Commentary 2

Meg Swansen: Aaaand we’re back to the 2010 Knitting Olympics, where we have first-time U.S. Olympian Rebecca Osborn in the Beading Biatholon. When we left Osborn, she was struggling through some supply issues, not to mention some serious arguments with basic geometry.

Stephanie Pearl McPhee: Thursday, our competitor suffered a serious setback when she arrived at her work shift without an important piece of equipment! Imagine the agony when she realized her beading needle was still at home and she would lose four precious hours of potential knitting time.

Meg: To most knitters this would be a serious blow, Steph, but this girl wasn’t stopped for five minutes. After a quick consult with some teammates, she took this opportunity to start on another one of her Olympic projects!

Steph: Like I always say, Meg, you have to have multiple works-in-progress on the needles, because you never know when a knitting emergency will throw you off. It’s all part of being prepared.

Meg: Osborn definitely seems to be making use of your technique, Steph, and wasting no time doing it. By the end of her shift, she had blasted through about 3/4 of a pair of slippers without looking back.

Steph: This may not look like much to those watching at home, but I’ve made several pairs of these slippers, and believe me, Osborn is well on her way to medaling in the Felting Freestyle. It looks like she’s using Araucañia’s Nature Wool, an excellent choice.

Meg: Now, as enterprising as this move was, it didn’t solve the problem of lost time on her main event, the Shipwreck Shawl. Even after a four-hour spring on Thursday night while watching the Men’s Figure Skating free program, she had only completed about 10 1/2 rows.

Meg: She had a good reason for her slowness, though. If I had one of those cool digital pens they give to the commentators of the downhill skiing, I’d circle that little pile of sparkly strands in the bottom right corner of this picture. Osborn spent hours on Thursday night just stringing beads. She managed to get through the entirety of her first shipment of 1,000 beads! What do you think of this strategy, Steph?

Steph: I’m not too sure, Meg. It’s always a tradeoff that the athlete has to decide for him or herself – stringing on fewer beads at a time increases the frequency with which you have to stop, break your strand, and string more, but stringing on more beads at a time increases the amount you have to continually push your beads further down the strand as you work. Her yarn may be pretty sturdy, but I’m not sure any fingering weight alpaca blend could stand to have 500 8/0 seed beads forced over it.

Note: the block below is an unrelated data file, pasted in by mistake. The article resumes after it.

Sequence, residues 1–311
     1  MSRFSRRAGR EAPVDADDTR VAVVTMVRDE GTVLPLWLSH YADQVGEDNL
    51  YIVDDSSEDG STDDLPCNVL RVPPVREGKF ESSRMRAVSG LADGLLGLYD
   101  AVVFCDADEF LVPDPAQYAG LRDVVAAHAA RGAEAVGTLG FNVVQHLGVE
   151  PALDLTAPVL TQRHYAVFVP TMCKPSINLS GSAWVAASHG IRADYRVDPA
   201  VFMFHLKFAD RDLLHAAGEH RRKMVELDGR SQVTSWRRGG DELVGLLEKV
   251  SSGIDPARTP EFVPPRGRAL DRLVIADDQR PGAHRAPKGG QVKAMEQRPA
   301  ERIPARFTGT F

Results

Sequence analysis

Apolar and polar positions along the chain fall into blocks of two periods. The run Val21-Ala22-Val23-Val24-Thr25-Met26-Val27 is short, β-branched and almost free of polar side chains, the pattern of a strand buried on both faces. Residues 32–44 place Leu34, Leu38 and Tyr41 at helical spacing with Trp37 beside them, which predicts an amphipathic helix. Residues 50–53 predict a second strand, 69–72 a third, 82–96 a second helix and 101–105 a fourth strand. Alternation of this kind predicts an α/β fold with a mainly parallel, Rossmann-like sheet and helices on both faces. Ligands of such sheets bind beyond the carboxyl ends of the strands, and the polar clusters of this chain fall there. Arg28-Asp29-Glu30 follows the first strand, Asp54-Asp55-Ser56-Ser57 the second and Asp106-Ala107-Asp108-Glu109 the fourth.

Meg: Well, we’ll see how that works out for her. On to Friday, where we were still worrying about our young American. Rather than use her time during the day to catch up on her shawl, she instead completed the slippers, spending the afternoon felting them in her washing machine.

Steph: They’re definitely turning out beautifully, Meg. But don’t forget, she set a goal to make two pairs of these slippers, so she’s still shy of the halfway point to a Felting Freestyle gold.

Meg: Well, we’ve still got eight days of competition to go, Steph, and just within the last 24 hours, Osborn really started cranking up the heat. Last night she actually managed to work on her shawl through the entirety of Gone with the Wind

Steph:  – I have to say, she should get a medal just for staying awake through that film with her soul intact –

Meg: Steph, that is an American classic! Anyway, Osborn got a staggering 9 rows done during both that film and during the day today. She is still in this thing, though there’s still a very long way to go. It’s going to take some serious stamina to stay motivated through another 46 rounds.

P.S. congratulations to Fjord on an early gold!!

4 thoughts on “Commentary 2

  1. So how do you “felt slippers in a washing machine”? They look SO adorable!!

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  2. Jonica says:

    I am planning on felting some wool here for two blankets for my dogs. I think you use very hot water and agitate the hell out of them and keep going until the pieces are felted enough for you. The pieces will shrink and close up really nice. Did some felting a long time ago by accident! that was with a machine that had a centre spin thing to it. The machine I have now is a bucket and is the new energy star centrifugal force machines so I am wondering if it will work. I will knit up a few squares of the blanket and see what happens! That way, maybe, just maybe the dogs will stay off my shawl and other things I have knitted for myself! I am hoping this wool which is not really good by itself for next to the skin sweaters will be perfect for the dogs when felted. Will have to see. This was before I realized that the softer the wool the better it is! And the softer the wool the more money it will be!

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  3. Linda says:

    I think this sock yarn is gorgeous, even without the beads. I love dark purple. But the beads make it spectacular. It’s an amazing project. I even think the way you started the middle was fine….and why spoil the look with contrasting yarn for waste yarn? It’s fun that you’re not distracted by that. (Of course then it spoils the idea of the being able to look cool for knowing how to do that….no one will be able to tell.)
    Personally, I think the fact that you made one pair of slippers and have taught yourself so much by doing this shipwrecked shawl deserves a gold medal, even if you don’t finish on time. But then I’m your mother, and I think pretty much everything you do is awesome.

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  4. rebbiejaye says:

    aww. aren’t mommies great?

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